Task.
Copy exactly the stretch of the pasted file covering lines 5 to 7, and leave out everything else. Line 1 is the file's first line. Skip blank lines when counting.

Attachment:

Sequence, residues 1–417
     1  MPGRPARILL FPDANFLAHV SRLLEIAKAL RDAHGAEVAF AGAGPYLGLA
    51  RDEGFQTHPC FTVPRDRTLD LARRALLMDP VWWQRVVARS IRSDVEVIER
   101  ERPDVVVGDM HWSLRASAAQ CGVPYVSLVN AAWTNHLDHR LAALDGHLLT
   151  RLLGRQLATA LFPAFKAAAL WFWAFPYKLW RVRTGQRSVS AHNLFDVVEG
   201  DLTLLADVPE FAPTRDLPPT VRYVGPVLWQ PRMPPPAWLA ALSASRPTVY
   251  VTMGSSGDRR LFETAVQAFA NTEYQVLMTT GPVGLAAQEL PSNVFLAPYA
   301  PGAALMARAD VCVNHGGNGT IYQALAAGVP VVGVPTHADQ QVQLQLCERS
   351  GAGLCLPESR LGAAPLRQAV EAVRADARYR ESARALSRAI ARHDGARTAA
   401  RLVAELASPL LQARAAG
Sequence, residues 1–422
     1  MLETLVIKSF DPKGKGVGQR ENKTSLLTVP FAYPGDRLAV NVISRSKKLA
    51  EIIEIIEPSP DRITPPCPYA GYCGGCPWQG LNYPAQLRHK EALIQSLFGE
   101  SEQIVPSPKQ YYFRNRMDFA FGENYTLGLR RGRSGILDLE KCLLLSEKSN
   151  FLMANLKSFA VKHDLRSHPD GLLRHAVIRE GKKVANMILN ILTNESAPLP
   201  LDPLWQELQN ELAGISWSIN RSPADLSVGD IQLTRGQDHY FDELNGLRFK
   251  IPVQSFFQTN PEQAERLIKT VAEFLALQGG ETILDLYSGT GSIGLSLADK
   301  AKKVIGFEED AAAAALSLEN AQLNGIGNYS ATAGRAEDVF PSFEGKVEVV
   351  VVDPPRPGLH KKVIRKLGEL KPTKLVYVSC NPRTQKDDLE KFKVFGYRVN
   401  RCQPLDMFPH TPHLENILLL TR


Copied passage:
   151  RLLGRQLATA LFPAFKAAAL WFWAFPYKLW RVRTGQRSVS AHNLFDVVEG
   201  DLTLLADVPE FAPTRDLPPT VRYVGPVLWQ PRMPPPAWLA ALSASRPTVY
   251  VTMGSSGDRR LFETAVQAFA NTEYQVLMTT GPVGLAAQEL PSNVFLAPYA